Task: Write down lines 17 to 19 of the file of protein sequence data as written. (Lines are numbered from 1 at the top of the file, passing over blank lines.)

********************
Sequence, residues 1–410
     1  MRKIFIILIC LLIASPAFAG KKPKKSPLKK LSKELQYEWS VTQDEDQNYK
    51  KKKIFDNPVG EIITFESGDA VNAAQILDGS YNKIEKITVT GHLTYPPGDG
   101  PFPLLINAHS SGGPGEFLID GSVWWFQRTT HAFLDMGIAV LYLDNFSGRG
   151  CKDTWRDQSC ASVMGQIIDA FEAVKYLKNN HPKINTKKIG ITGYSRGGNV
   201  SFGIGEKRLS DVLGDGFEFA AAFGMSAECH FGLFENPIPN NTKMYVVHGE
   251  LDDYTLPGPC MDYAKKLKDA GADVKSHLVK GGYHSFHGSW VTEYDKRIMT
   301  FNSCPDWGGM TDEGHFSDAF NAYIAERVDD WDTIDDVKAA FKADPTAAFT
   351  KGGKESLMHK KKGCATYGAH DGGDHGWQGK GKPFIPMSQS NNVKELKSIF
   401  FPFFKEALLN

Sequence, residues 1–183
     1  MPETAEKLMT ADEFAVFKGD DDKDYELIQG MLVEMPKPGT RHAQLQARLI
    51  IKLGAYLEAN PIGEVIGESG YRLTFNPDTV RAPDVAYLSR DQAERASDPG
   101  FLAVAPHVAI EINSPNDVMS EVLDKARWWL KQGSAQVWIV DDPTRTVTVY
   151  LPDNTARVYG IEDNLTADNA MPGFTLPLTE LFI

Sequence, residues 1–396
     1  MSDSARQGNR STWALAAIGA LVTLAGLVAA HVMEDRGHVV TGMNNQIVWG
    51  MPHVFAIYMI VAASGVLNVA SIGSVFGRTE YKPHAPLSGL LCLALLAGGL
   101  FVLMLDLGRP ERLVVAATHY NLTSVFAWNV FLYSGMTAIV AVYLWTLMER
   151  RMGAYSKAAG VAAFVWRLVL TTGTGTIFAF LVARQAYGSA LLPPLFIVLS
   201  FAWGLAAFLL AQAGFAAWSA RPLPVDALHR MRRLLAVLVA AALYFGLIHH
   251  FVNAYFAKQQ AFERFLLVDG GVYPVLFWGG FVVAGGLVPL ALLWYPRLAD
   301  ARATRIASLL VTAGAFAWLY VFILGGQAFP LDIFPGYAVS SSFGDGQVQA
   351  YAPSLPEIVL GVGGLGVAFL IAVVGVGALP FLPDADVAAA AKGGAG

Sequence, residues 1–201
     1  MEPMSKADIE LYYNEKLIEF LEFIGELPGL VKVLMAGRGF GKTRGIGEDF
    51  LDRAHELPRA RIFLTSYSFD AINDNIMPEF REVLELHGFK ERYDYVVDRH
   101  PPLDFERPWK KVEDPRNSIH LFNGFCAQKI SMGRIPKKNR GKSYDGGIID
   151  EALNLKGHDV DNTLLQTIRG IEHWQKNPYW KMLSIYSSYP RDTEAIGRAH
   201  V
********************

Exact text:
     1  MSDSARQGNR STWALAAIGA LVTLAGLVAA HVMEDRGHVV TGMNNQIVWG
    51  MPHVFAIYMI VAASGVLNVA SIGSVFGRTE YKPHAPLSGL LCLALLAGGL
   101  FVLMLDLGRP ERLVVAATHY NLTSVFAWNV FLYSGMTAIV AVYLWTLMER